Systemic Lupus Erythematosus (SLE) is a multifactorial autoimmune disease affecting multiple organs that could lead to death when the kidney damage (lupus nephritis, LN) is confirmed. LN is characterized by glomerular deposits of IgM, IgG and IgA autoantibodies-containing circulating immune complexes (CIC) which lead to a chronic inflammatory renal disease resulting in kidney failure. As for many chronic inflammatory diseases, no specific treatment, early diagnostic and prognostic tools exist for SLE. Developing innovative and specific therapeutic approaches will allow a better SLE patient care and will limit the use of invasive diagnostic tests such as kidney biopsy. Basophils, representing less than 1% of circulating leukocytes, are well known for their involvement in allergic and parasitic diseases. Recent studies, including ours, demonstrated their immune regulatory role in immune memory humoral responses, in the TH2 differentiation of CD4+ T cells and during SLE development. We demonstrated in a murine model of SLE that basophils were responsible for an amplification loop of autoantibody production by promoting the TH2 differentiation of CD4+ T cells and the production of autoantibodies by plasma B cells. These functions depend on IL-4 and both total and autoreactive IgE. These results have been confirmed in SLE patients, where basophils are activated and recruited to secondary lymphoid organs (SLOs). We demonstrated that autoreactive IgE titers (able to activate basophils) are correlated with SLE disease activity (especially LN activity) and with basophil activation status. The BATTLE project is the BASILE project follow-up which was funded by the ANR in 2011. The BASILE project confirmed basophil involvement in SLE pathogenesis in several spontaneous or inducible SLE-like mouse models and in a large cohort of over 200 SLE patients, over 300 patients with various chronic kidney diseases and over 120 healthy controls. In addition the BASILE project identified SLE-specific basophil activation profiles leading to a highly promising new therapeutic approach targeting the pathway responsible for basophil accumulation in SLOs. Finally, the BASILE project established a new transgenic mouse model allowing an inducible recombinase CRE expression only in the basophil compartment. The BATTLE project aims to develop the BASILE project results in order to provide new diagnostic, prognostic and therapeutic solutions to SLE patients. The BATTLE project is subdivided into three main tasks. The first one, translational, aims to perform i) a longitudinal follow-up of SLE patients included into the BASILE cohort, ii) a transcriptome analysis of basophils from active SLE patients and healthy controls, and iii) the identification of other chronic inflammatory diseases in which basophils may be involved. The second task corresponds to a pre-clinical strategy aiming to validate the preventive and/or curative effects of the targets identified during the BASILE project in new animal models by pharmacological and/or genetic approaches. The third task, a more basic science approach, aims to generate specific tools for human and murine basophil studies and to identify two new immunoglobulin receptors detected on SLE patient basophils during the BASILE project. ANR’s support to the BATTLE project will allow my team to keep its cruising speed in a highly competitive research field that is under-represented in France and Europe. Indeed, this project will allow research and development of currently inexistent diagnostic, prognostic and therapeutic solutions for SLE.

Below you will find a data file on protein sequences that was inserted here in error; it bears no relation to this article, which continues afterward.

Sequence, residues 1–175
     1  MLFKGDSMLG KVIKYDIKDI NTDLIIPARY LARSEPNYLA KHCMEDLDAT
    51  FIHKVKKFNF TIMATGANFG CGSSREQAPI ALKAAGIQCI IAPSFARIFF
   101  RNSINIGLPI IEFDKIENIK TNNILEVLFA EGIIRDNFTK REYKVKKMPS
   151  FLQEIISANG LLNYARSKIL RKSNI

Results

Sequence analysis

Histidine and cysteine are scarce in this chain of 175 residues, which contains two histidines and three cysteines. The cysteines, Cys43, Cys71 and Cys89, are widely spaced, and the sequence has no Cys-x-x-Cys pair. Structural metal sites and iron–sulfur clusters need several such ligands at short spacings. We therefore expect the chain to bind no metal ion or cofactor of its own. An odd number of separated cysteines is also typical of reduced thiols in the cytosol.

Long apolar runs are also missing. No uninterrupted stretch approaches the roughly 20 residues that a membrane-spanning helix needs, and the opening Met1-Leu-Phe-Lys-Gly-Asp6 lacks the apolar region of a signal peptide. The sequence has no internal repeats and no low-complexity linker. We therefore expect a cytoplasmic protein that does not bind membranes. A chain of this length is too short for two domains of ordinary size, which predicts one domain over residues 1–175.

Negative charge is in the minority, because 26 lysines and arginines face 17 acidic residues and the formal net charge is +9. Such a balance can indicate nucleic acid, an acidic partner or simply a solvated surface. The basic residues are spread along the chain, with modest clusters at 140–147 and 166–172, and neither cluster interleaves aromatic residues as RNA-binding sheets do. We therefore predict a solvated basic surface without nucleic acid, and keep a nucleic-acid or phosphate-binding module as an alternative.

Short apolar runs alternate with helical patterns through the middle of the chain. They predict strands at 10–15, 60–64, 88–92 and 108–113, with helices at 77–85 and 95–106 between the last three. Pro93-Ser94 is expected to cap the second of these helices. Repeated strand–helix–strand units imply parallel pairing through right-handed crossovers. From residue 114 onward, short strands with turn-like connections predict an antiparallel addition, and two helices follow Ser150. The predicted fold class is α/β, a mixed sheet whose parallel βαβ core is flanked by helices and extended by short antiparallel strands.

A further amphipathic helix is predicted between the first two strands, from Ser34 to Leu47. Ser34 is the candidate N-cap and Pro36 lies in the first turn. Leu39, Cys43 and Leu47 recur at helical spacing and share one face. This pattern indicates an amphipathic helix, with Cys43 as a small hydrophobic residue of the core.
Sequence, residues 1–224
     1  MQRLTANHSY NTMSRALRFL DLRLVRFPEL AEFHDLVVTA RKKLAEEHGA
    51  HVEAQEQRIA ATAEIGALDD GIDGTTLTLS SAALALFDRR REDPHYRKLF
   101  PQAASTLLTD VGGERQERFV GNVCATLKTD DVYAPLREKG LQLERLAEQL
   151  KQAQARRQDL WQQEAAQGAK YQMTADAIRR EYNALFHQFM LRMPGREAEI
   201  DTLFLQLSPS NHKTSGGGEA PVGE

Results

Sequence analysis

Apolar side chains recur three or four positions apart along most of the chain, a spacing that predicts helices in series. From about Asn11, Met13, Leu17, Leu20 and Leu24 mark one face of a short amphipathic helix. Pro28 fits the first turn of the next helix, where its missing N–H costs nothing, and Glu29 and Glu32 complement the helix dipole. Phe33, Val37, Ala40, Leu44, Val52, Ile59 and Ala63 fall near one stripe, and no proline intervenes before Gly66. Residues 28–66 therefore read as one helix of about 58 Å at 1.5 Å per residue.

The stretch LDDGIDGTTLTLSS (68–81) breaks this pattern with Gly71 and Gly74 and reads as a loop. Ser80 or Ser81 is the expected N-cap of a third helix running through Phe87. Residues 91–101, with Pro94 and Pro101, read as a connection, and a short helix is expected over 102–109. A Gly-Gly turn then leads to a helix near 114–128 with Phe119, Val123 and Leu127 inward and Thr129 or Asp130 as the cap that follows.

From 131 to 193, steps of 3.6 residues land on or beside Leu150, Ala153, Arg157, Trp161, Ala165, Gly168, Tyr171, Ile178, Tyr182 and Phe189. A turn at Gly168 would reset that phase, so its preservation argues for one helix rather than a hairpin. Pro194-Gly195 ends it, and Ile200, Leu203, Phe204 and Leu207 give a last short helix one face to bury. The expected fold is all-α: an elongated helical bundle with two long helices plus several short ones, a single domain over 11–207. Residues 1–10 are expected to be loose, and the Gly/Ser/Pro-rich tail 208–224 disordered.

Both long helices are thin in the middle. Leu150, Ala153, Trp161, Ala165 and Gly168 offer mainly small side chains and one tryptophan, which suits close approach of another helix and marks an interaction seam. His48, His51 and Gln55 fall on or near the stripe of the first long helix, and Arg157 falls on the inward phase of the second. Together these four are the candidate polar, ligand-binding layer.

Monsieur Nicolas Charles (CENTRE DE RECHERCHE SUR L’INFLAMMATION)
The author of this summary is the project coordinator, who is responsible for the content of this summary. The ANR declines any responsibility as for its contents.
U1149-CRI CENTRE DE RECHERCHE SUR L’INFLAMMATION
Help of the ANR 395,924 euros
Beginning and duration of the scientific project: November 2015 - 36 Months